D’Antoni expressed his own concern. “There are many definitions of fairness and bias, and it is hard to take them all into account and enforce them all at once.” In other words, “fairness definitions are often ‘conflicting’,” he said. “There are impossibility results showing that certain notions of fairness cannot be enforced at the same time.”
Also, there is the fact that “the machine-learning community is currently not trained to understand what the existing fairness and bias definitions mean and how to use them,” he added.
Social scientist Kim agreed. “An awareness of such [AI bias] problems is the very first, but most important, step to fight against AI discrimination.” She noted, “In a human society, we come up with some policies and regulations to mitigate inequality and discrimination. But the problem is that AI remains a secret. As in most cases, data and modeling are proprietary. This makes any public policy or regulatory discussion/debate more difficult.”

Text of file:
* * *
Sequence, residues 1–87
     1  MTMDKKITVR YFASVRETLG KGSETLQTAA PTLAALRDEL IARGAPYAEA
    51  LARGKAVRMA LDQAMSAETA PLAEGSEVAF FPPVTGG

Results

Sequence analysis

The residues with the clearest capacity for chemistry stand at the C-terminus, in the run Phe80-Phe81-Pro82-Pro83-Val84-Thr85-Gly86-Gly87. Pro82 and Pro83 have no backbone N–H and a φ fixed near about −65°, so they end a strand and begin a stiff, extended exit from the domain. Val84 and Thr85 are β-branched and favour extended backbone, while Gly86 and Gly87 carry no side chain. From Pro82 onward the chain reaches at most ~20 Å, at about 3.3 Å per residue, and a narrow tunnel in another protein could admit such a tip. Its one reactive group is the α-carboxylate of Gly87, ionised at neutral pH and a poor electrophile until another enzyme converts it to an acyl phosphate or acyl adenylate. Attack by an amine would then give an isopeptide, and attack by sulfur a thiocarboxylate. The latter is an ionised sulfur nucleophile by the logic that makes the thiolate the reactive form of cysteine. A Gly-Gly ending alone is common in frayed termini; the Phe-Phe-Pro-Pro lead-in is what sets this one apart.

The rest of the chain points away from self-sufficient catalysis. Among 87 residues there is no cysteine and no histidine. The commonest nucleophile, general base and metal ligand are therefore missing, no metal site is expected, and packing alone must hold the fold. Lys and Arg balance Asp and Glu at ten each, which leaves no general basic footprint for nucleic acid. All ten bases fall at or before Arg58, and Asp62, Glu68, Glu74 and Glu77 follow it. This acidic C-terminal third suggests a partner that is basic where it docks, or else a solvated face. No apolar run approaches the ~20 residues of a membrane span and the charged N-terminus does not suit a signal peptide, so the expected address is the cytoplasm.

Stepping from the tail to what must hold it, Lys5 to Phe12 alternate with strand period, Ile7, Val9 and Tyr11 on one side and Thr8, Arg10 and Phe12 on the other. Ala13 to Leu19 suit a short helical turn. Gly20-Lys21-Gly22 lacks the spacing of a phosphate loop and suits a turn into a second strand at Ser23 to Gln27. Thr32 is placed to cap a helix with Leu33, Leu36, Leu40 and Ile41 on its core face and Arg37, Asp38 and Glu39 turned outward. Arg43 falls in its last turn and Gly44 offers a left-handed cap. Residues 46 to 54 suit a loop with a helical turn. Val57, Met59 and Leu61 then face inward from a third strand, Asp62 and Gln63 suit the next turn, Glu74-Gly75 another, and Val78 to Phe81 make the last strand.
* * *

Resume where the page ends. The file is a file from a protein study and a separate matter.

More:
Understanding the tradeoffs and fluidity in defining fairness, IBM researchers believe that the priority should be the transparency of AI practices and implementation.
IBM’s Mojsilovic proposes that a Supplier’s Declaration of Conformity (which she calls a fact sheet) be completed and voluntarily released by AI service developers and providers “to increase the transparency of their services and engender trust in them.” She likened it to “nutrition labels for foods,” or “information sheets for appliances.”
The industry needs a standard for information about AI systems deployed in different services. IBM is keenly aware that this won’t happen overnight. Just as it took a long time for nutrition labels to evolve, the development of fact sheets could be a long process. Mojsilovic cautioned that the industry has only begun its AI journey.
Similar to IBM, the research community is also contending with AI fairness. In this unsettled realm, IBM’s AI Fairness toolbox appears to be groundbreaking. D’Antoni told us, “I’m not aware of existing general-purpose fairness-checking tools for AI models.”
On the other hand, he added, “There are many exciting prototype tools proposed by the research community. For example, FairTest by Kramer et al. and FairSquare from our own group.”